There will be food and beverages along with live and silent auctions.
Tickets are on sale now at the library, priced at $100 each. Of that total, $75 is tax deductible.
Quilt garden new venture for area gardener PDF Print E-mail
Written by BILL RYAN Sentinel Garden Editor   
Thursday, 05 July 2012 09:00
Sandy Grolle next to her quilt garden which is in the shape of a peace sign. (Photo: Enoch Wu/Sentinel-Tribune)
One Wood County Master Gardener is spending more time in her garden now that she has retired from her post with the Jordan Family Development Center.
One of Sandy Grolle's first projects at her rural Bowling Green home on Anderson Road, was to combine her passion for gardening with her love for quilts. Grolle planted a "quilt garden."
She had seen quilt gardens on previous trips to Shipshewana in Michigan, where the concept is quite popular. For those not familiar, the idea is to plant your flowers in such a manner so that when they are fully grown, the pattern will resemble a quilt.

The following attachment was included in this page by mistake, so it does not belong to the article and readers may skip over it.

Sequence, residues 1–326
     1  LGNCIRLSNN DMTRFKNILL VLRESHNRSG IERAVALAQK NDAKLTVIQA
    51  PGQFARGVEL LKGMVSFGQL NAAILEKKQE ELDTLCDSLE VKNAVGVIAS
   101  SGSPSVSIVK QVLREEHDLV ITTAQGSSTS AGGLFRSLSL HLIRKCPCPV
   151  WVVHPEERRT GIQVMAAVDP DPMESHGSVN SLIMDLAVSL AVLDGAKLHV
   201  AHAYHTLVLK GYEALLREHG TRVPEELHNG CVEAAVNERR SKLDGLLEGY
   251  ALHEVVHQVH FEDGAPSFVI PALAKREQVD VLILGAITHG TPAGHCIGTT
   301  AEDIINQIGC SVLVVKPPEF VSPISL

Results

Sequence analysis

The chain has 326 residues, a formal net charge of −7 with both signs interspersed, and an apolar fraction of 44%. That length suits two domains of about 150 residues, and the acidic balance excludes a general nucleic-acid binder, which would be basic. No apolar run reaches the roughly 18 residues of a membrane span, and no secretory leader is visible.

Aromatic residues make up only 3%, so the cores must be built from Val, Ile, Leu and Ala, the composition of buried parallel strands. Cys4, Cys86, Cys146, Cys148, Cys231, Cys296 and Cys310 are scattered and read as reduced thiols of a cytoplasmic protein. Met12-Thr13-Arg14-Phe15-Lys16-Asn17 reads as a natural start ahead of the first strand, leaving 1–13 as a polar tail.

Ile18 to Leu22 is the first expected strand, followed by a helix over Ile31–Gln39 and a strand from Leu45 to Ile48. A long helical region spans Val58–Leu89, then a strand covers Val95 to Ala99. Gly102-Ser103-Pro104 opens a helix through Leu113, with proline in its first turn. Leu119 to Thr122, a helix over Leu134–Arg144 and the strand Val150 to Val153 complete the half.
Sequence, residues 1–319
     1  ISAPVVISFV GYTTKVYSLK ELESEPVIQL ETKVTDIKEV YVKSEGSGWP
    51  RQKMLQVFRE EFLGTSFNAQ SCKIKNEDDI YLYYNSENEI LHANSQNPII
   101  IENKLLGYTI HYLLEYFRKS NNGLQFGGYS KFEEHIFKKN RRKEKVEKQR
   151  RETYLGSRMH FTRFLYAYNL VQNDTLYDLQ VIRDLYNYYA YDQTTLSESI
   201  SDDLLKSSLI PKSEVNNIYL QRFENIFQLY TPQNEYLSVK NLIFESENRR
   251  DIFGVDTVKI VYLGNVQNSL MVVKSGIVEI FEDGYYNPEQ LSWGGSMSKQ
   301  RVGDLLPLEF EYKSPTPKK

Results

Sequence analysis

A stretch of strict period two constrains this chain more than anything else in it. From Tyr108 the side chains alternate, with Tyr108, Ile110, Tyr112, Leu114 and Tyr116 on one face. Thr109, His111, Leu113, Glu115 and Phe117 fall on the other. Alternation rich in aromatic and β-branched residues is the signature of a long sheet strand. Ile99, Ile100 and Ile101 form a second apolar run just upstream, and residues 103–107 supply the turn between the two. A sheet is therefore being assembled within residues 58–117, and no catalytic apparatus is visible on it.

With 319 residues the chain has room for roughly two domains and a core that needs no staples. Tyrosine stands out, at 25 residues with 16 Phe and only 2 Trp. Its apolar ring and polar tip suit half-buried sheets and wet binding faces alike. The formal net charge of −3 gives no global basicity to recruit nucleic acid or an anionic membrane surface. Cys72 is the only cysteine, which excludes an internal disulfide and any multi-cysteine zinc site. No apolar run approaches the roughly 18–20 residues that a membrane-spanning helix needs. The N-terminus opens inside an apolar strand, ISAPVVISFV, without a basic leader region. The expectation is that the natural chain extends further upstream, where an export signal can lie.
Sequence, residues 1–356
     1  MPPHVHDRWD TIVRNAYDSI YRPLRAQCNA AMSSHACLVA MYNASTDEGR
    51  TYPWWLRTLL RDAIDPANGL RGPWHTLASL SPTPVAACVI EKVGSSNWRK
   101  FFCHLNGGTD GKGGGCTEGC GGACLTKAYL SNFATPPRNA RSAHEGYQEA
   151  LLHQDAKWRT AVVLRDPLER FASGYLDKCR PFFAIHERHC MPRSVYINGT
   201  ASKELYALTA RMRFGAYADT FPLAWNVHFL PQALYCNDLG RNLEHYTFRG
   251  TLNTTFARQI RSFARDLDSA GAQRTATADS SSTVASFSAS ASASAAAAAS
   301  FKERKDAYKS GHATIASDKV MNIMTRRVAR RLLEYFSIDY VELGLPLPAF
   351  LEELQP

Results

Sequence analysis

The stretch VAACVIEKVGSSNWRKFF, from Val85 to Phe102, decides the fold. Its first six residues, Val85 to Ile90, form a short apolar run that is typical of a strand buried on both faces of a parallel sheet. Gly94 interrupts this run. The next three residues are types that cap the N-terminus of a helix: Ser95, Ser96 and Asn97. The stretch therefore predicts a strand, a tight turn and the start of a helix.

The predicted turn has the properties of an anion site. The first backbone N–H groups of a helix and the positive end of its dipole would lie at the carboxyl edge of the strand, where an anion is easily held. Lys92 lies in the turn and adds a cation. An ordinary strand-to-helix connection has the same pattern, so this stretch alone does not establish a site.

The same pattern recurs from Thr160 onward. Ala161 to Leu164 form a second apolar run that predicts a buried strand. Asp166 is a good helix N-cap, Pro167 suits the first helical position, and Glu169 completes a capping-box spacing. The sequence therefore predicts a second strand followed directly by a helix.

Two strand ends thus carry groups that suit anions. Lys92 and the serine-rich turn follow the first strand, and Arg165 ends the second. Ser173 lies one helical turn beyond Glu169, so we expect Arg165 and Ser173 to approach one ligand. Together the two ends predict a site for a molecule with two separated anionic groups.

"Instead of material, you use flowers," she explained of her garden which was designed as a peace sign.
Using seven flats, she planted Hawaii Blue Ageratum; gnome purple Gomprena; Silver Dust Dusty Miller, Green Leaf Rose Begonia and marigolds.
Though she is pleased with her effort, like any good gardener, she is already planning how to do it better next year. It is not filling out as quickly as she hoped.
Containers can be attractive to butterflies, birds and people PDF Print E-mail
Written by MELINDA MYERS, Gardening expert   
Thursday, 12 July 2012 09:23
Add a little extra color and motion to your summer garden with containers designed to attract birds and butterflies. Many garden centers continue to sell annuals throughout the summer and many of these mid-season annuals are a bit bigger, providing instant impact.
It's easier than you think to attract birds and butterflies and the good news is you don't need a lot of space to do it.  Container gardens give you the ability to attract wildlife to your backyard, patio, deck or even balcony. Simply follow these four steps and your garden will be filled with color, motion and a season of wildlife.